After Extended Layoff, WEC Veteran L.C. Davis Looking to Make Noise at Bantamweight



After his loss to Raphael Assuncao at WEC 52, L.C. Davis spent more than a year away from live competition in the mixed martial arts arena, only recently returning to action in February.

He found plenty to keep him busy in the meantime.

Davis was released by Zuffa after his loss to Assuncao, a little more than a month before many of his WEC brethren moved on to the UFC as part of the promotional merger at the beginning of 2011. Despite posting a 3-2 record within the WEC, Davis had no problems with the decision.

“Everybody [that isn’t there] probably wishes they were still there,” Davis recently told Sherdog.com. “You’re definitely expendable when you’re with Zuffa. If you don’t perform, you’re gonna get cut, and I lost two in a row... Typically, that calls for your walking papers.”

A series of events have kept the Kansas City, Mo., resident away from the cage until last month. After agreeing to fight Jared Downing at a January 2011 Titan Fighting Championship event, Davis was forced to withdraw upon suffering a knee injury in training.

With no health insurance, the IFL veteran waited for the ailment to heal itself. Satisfied that he was healthy enough to compete, Davis attempted to become a cast member on Season 14 of “The Ultimate Fighter.” He lasted until the final cut but did not make it onto the show.

Davis returned home and resumed his training, only to reinjure his knee more severely. Considering that all fighters under the Zuffa umbrella had been granted health benefits around that same time, Davis could do nothing but lament his situation -- and purchase some insurance of his own.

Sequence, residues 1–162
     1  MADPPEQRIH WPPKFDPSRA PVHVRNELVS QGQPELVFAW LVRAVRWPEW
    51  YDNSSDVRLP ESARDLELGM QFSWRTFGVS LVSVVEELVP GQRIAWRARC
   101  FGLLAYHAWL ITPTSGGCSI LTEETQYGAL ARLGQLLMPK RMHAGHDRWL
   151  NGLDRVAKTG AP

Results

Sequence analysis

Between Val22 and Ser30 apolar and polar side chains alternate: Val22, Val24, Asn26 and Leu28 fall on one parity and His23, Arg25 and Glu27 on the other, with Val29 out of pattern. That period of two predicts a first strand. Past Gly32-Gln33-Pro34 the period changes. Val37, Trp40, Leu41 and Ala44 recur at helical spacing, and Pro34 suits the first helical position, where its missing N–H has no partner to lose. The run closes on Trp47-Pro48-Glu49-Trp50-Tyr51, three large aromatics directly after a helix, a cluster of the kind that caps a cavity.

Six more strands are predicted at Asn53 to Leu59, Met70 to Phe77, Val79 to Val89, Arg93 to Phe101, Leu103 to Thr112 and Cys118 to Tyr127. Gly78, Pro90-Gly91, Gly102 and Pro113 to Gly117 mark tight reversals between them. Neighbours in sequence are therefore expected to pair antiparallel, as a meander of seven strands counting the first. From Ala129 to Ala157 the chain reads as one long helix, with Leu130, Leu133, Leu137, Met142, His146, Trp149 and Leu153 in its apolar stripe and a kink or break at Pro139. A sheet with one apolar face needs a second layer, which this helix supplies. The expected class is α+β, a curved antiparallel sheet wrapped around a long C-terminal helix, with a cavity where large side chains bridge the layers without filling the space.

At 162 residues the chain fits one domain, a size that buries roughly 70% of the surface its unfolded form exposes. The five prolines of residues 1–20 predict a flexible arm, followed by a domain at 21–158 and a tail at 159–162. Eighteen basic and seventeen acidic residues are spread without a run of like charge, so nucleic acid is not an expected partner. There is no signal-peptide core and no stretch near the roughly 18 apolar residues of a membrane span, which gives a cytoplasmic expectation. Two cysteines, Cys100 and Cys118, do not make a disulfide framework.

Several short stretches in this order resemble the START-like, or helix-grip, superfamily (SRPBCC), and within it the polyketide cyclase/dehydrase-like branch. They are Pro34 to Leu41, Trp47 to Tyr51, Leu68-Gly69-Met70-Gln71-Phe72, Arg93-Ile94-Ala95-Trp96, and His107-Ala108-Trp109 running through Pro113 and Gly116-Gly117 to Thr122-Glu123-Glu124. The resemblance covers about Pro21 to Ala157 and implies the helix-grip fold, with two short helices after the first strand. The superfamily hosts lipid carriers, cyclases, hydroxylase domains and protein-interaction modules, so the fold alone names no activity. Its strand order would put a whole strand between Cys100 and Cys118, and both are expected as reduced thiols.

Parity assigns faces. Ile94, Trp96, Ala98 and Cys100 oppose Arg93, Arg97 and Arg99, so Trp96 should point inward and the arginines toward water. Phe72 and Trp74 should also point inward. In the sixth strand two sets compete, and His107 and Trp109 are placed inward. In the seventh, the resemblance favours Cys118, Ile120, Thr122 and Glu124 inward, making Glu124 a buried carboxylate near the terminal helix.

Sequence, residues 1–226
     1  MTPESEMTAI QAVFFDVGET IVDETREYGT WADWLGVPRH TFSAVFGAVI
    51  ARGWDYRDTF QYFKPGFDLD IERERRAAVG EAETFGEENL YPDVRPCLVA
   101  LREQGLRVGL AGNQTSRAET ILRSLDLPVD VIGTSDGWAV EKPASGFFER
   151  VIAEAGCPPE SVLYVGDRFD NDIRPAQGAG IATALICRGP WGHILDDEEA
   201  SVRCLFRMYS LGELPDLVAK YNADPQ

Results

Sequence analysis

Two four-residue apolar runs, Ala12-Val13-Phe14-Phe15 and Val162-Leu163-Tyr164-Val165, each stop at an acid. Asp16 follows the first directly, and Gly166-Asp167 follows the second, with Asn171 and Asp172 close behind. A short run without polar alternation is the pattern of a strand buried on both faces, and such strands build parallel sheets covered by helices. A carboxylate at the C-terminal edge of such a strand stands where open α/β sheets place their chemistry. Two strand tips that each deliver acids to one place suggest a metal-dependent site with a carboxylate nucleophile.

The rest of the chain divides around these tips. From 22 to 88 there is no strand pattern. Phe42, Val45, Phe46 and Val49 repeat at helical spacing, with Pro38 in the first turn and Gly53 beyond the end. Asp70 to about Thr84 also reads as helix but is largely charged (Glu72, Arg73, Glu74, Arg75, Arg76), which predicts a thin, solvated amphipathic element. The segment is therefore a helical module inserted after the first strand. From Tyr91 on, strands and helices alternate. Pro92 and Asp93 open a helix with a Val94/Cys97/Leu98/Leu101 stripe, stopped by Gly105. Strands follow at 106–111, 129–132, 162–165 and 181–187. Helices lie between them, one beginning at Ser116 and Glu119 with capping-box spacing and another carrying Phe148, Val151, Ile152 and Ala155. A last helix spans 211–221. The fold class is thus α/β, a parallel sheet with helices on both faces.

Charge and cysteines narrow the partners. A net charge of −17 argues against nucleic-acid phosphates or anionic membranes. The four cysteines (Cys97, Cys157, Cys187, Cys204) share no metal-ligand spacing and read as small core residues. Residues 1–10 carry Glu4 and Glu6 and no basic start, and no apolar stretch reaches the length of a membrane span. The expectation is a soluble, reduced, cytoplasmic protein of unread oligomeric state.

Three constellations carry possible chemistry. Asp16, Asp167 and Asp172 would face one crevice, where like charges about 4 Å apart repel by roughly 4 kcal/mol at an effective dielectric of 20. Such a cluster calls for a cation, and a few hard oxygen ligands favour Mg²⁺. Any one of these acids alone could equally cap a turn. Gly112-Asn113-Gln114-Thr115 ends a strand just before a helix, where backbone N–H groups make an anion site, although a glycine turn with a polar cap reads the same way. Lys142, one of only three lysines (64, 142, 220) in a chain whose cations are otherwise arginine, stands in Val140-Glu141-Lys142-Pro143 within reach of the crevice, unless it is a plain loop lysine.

“Yeah, it kind of sucked,” he admitted.

A visit to the doctor revealed that Davis needed surgery, and as it turns out, Part 2 of his extended layoff could not have come at a better time. Shortly thereafter, Davis found out that he was going to be a father. Meanwhile, he was hard at work with Strikeforce veteran Jason High on plans for opening an MMA gym in the Kansas City area.

Not surprisingly, the latter half of 2011 was booked: DaKhari Lee Davis was born on Sept. 24, and High and Davis officially opened the doors of HD MMA a little more than a month later. Once he became more comfortable with the dual duties of fatherhood and gym ownership, Davis was able to return to a regular training regimen.

Davis’ return didn’t go as planned, as he fell to Christian Uflacker via narrow split decision at Hoosier Fight Club 10 in Valparaiso, Ind., on Feb. 11. According to a report in The Times of Northwest Indiana, two judges scored the bout 29-28 in favor of Uflacker, while the other awarded Davis a 30-27 scorecard. Overall, it was a frustrating night for Davis, who struggled to get off the canvas against a larger opponent.

“I won’t make no excuses, but it was [near] the guy’s hometown,” Davis said. “He’s from Chicago, and it’s right outside of there. I just kind of lost a close, hometown split decision.”

The silver lining in the loss: it led Davis to seek a new path in his MMA career.

“Since [the layoff] I’ve actually lost a little muscle and a little size. My last fight, I fought a guy that was cutting from 170 at least to get to 145. I think that had a little bit to do with me not winning the fight,” he said. “In the future, I’ll be fighting at bantamweight and looking to make a run in the UFC.”

Davis competed exclusively at featherweight during his WEC tenure, which included victories over Javier Vasquez and Diego Nunes, but earlier in his career he took fights at 155 pounds when they were available. Davis hopes to follow the path of Urijah Faber, who once ruled the WEC ranks as a featherweight but has since risen to No. 1 contender in the UFC at 135 pounds.

“He’s made a great run since he’s dropped to bantamweight,” Davis said. “There weren’t a lot of 145-pound fights when I first started, so I fought 155 a lot in the IFL. Then 145 came around, thanks to Urijah paving the way. I made 145 my home, but 133 was actually my college wrestling weight all four years. I decided to go back down to the weight that I was most competitive at in college and see how that treats me.”

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